Seeing the Hidden Kingdom

A Bible Exposition Of Mark 4:21-34

Part of being human is that we are finite. By finite I don’t just mean that our days are numbered, but our understanding is limited. Not only is limited by experience—meaning you can only really learn a limited number of things very well. But our reasoning and our perception are broken as well.

It’s one of the effects of the Fall of humanity into sin. Theologians refer to this as the noetic effects of the fall. Noetic (mental) effects of sin on our minds.

Your thinking is affected by sin. It’s one of many reasons that it is so marvelous to meditate on the person of Jesus Christ. He had a mind unaffected by sin. An ordered thought-life. Clear reasoning and logic. Pure thoughts and memories. And a faith that believed truth as soon as He encountered it. Would have made interacting with Him an unforgettable experience.

But one of the specific effects on our minds is the difficulty in dislodging a held belief even when it is wrong. Some people refer to this as cognitive dissonance. It is the struggle that we have once we come to a position on something, to change our perspective, even when facts require a different conclusion.

This is the great disappointment post-Enlightenment. The Enlightenment was that period that began in Europe in which philosophy and rationalism dominated the writing and thinking of the day. And there was this great hope and promise that if we could finally get to objective data then we would move past so many of our problems. 

In fact, Thomas Jefferson who was influenced by Enlightenment thinking wrote in 1789:

Whenever the people are well-informed, they can be trusted with their own government…

But as history has shown, this isn’t the case. In fact, the findings from a research project undertaken at the University of Michigan in 2005 and 2006 was outlined in the Boston Globe a few years back.

And the project was this—it set out to understand in the political realm how people interact with facts. And what they found overwhelmingly is that facts mattered very little. What matter most in interpreting data is your personal beliefs and opinions.

Now it’s easy to point the finger at the other side. And say, “see you are so convinced despite the facts!” And fail to realize that you yourself are vulnerable to the very same problem.

It’s part of our fallen thinking. As the researchers observed our tendency is to look for things that affirm our positions and dismiss the things that would threaten them. If I can be so bold as to say it, “we like to be right.”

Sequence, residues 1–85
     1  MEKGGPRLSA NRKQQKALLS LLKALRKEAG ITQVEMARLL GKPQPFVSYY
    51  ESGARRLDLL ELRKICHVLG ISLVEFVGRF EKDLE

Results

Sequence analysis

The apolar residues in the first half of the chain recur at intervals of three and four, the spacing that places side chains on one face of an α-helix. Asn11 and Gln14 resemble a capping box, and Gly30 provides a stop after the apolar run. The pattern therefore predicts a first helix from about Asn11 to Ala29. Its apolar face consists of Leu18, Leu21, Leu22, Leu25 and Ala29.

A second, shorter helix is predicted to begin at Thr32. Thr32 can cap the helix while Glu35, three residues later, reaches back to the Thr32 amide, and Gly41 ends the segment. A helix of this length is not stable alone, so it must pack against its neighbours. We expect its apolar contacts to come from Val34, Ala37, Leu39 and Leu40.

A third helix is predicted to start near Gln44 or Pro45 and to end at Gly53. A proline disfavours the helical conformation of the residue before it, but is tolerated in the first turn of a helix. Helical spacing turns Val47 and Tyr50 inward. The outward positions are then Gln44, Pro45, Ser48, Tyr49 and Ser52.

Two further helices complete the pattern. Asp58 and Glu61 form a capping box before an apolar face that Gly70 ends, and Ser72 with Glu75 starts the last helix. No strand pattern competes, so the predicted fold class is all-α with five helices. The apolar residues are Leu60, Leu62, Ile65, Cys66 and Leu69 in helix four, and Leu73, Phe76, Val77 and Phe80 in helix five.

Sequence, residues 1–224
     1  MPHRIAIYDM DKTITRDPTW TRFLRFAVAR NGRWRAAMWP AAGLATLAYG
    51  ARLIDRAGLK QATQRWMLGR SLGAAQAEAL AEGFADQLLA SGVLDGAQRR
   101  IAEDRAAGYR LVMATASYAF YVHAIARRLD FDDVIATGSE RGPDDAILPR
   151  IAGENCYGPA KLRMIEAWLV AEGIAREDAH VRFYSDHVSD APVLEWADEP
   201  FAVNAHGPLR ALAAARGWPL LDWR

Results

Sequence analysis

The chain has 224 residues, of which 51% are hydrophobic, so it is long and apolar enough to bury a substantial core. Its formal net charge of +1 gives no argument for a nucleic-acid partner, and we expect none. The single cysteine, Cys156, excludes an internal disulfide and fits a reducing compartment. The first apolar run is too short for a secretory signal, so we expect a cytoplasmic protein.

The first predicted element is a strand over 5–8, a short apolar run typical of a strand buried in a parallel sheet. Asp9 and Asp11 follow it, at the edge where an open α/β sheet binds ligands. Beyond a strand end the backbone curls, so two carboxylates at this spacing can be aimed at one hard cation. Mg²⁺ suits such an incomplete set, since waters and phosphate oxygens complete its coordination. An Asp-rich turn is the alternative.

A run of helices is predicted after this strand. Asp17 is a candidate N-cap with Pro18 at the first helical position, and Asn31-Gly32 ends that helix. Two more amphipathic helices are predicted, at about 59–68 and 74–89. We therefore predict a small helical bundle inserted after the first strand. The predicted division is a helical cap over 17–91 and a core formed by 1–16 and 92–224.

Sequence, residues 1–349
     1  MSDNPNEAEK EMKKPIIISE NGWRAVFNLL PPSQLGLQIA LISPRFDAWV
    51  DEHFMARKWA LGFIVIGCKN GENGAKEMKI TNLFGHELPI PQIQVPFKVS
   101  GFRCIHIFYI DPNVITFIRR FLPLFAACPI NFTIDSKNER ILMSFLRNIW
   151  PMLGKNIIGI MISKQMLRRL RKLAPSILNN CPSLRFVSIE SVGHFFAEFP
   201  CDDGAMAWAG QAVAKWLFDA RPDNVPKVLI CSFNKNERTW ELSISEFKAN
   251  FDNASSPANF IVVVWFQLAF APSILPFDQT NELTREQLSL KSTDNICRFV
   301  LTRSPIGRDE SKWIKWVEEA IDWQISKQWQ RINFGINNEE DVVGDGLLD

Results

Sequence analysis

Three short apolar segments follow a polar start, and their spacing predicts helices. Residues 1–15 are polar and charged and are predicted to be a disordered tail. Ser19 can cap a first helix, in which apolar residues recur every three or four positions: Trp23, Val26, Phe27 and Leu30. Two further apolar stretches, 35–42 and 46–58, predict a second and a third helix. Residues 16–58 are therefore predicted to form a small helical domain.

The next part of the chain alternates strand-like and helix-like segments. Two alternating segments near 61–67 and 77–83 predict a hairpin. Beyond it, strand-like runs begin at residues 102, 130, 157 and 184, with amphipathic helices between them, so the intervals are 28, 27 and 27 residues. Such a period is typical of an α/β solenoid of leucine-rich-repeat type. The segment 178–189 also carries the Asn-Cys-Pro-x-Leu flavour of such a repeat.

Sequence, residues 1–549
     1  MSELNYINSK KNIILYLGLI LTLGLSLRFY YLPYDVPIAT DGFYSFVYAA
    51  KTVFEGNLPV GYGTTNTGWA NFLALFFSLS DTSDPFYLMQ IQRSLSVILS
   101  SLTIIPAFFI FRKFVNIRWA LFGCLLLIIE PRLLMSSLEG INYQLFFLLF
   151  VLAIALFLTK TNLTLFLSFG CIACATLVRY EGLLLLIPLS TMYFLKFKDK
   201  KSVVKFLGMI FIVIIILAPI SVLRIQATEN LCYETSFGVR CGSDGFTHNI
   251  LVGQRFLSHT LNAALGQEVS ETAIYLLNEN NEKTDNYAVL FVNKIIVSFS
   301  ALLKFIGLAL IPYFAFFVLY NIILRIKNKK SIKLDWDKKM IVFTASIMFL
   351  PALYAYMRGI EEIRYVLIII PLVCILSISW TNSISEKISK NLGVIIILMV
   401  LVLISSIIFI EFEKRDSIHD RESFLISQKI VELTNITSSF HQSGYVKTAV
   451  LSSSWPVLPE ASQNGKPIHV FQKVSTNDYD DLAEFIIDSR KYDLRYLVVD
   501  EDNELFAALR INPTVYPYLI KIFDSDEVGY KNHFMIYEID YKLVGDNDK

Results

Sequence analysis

The researchers documented interactions with liberals and conservatives alike. The most stunning part of the research was this: when a position is very strongly held, evidence that contradicts doesn’t weaken, but rather strengthens the wrong position. 

The more data came and challenged the held beliefs, the more deeply entrenched they became.  Why? Because once we believe something we are deeply committed to it, and will re-interpret everything around us to bolster our position. More opposition means doubling down on our confidence.

This is the same challenge that is going on in the minds of those who hear Jesus speak of the kingdom of God. Jesus is bringing alternative facts, if you will. He is changing expectations. He is flipping long-held, long-entrenched perspectives on their heads.

And whenever that happens you have two options:

  1. Change expectations
  2. Challenge Jesus (outright rejection, modify Jesus, soften Jesus)

When the Word of God confronts your long-held and comfortable perspective. You have doctrinal positions and perspectives on life and ministry that you don’t hold because you learned them from Scripture. 

But rather you can look at facts that are plain and re-interpret them to your own advantage.

As you know, our typical approach at CBC is to dive into a book of the Bible and work through it verse by verse. There are so many benefits of this, but one of them is the depth of insight that we gain as we spend time in a context.

It takes time to get bearings. The longer we follow an author’s course of action the more we can appreciate what’s going on than when we parachute in on a few verses and then jump back out. Of course, it’s God Word and a single verse by itself is still edifying, but this morning as we make our way through a large chunk in Mark 4 I think you will see my point.

In fact, I wrestled this week with how to tackle this section—specifically whether to take it one small paragraph at a time or to bite off the whole enchilada. We are going with the latter. The whole enchilada.

The reason, is because it seems the most appropriate in serving Mark’s original purpose—the mega theme here that he is driving home. Each of these parables we will look at today (there are four them that are grouped together, with the parable we studied last week), are best understood together.